LAKEHURST, N.J. –
A five-person team from Naval Air Warfare Center Aircraft Division (NAWCAD) Lakehurst, New Jersey, developed an innovative way to detect ice on an aircraft as part of the Naval Air Systems Command (NAVAIR) Innovation Challenge.
In the Innovation Challenge, teams from around NAVAIR come together to develop cutting-edge engineering and scientific solutions to issues they identify in Naval Aviation today. Selected teams submit a white paper identifying the challenge they’ll address during the six-month challenge, which ends with an outbrief to leadership.
“TEAM iDOCTOR,” which stands for Inspection and De-icing using Cold formation Thermal Object Recognition, consisted of Lakehurst team members from logistics and engineering career fields who developed the system using thermal imaging and a machine learning algorithm to find ice on an aircraft.
“The Innovation Challenge is an exciting opportunity for teammates from around Lakehurst to come together to tackle a challenge facing the Warfighter,” NAWCAD Lakehurst executive director Kathleen P. Donnelly said. “It is because of groups like Team iDOCTOR and their novel approach to a serious problem that will help keep the fleet operating successfully under extreme conditions.”
The new technology aligns with the Navy’s increasing focus on the Arctic, outlined in the strategic blueprint in January 2021 called Blue Arctic. The document looked at the role the Navy will play as the Artic Region becomes more accessible to allies and adversaries over the next 20 years.
“The project’s goal was to improve mission readiness and the efficacy of the Naval de-icing process. When ice accumulates on the outside of an aircraft or an airframe, it must get removed because that poses a threat to mission readiness,” said team leader Stephen Opet, an electrical engineer with Support Equipment (SE) Department. “The idea being that the system could turn the planes around in less time, essentially improving mission readiness by getting them back in the air and getting that ice off the plane quicker than the current procedures.”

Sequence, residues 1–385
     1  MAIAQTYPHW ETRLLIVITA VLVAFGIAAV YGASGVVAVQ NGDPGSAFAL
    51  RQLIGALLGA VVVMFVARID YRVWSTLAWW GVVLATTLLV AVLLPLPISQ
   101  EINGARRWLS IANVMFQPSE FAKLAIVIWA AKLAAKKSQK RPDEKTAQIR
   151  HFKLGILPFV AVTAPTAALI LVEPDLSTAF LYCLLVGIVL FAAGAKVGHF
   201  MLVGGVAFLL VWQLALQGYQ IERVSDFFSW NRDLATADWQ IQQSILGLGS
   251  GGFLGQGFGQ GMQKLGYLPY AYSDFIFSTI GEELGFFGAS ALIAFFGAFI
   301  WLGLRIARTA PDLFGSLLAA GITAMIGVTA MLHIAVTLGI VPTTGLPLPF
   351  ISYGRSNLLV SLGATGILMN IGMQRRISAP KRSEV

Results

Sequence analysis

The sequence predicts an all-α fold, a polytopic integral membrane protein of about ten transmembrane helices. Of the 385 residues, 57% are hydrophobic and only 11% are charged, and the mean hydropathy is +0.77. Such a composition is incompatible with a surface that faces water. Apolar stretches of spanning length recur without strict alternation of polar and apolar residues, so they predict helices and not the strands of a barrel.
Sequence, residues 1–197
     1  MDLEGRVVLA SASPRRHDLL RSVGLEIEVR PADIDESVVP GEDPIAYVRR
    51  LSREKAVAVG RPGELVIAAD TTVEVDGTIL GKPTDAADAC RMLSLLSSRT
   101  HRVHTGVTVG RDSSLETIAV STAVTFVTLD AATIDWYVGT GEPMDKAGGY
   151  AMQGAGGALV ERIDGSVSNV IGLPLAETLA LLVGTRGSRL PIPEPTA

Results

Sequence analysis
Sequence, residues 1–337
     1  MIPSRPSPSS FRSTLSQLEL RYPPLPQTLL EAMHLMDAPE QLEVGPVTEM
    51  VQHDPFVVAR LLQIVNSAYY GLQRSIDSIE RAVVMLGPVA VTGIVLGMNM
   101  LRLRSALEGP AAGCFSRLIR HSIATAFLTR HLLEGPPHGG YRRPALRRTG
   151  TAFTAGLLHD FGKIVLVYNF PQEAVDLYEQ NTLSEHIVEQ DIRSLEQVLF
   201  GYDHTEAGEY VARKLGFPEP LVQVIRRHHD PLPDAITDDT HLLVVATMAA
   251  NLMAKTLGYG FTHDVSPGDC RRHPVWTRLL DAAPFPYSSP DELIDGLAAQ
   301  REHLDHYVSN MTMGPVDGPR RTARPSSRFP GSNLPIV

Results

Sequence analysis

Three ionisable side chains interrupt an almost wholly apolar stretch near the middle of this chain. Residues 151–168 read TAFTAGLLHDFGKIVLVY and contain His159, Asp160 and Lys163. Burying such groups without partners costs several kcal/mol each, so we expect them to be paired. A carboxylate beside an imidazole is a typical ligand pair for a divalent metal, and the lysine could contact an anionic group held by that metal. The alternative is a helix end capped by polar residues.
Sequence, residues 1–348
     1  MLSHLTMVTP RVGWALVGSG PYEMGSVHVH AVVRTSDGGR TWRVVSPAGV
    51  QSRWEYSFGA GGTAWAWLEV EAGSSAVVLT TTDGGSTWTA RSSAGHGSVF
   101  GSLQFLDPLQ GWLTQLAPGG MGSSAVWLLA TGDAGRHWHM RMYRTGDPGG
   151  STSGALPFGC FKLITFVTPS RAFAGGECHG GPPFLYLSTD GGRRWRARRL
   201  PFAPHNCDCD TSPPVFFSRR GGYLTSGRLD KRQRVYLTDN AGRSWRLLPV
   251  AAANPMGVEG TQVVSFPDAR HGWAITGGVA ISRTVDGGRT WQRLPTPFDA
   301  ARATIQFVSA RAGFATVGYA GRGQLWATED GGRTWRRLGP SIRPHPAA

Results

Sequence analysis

While a visual inspection can identify noticeable patches of ice on an aircraft, clear ice is harder to spot. Radiometric thermal imaging data and the machine learning algorithm can more effectively locate ice for removal.
“As we increase our presence in the cold arctic conditions, we expect, specifically in those regions, icing on aircraft to be a greater barrier for mission readiness. And therefore, a de-icing procedure improvement such as that proposed in our project would probably maximize its value there,” Opet said.
The team built an in-house icing chamber to collect small-scale thermal imaging data and established a large-scale testing capability using parts from retired aircraft in Lakehurst’s Environmental Test Lab. In addition, the team created a library of thermal data for use in future research.
Jonathan Alcantara, a computer scientist in the Mission Operations and Integration Department, said another advantage of the technology is that it uses passive thermal imaging, making the process faster and more cost-effective.
“The best way to describe the Innovation Challenge is ‘awesome’ because we’re able to go from step zero to something deliverable all within those six months; and it’s all on our team and our decisions to do that,” said Charles Homoki, a mechanical engineer in the SE Department. “We were able to really learn a lot about what it’s like to work for the organization and leverage the organization’s resources to get something together and produce a deliverable.”
Adam Hochron is a communications specialist with Naval Air Warfare Center Aircraft Division, Lakehurst, New Jersey.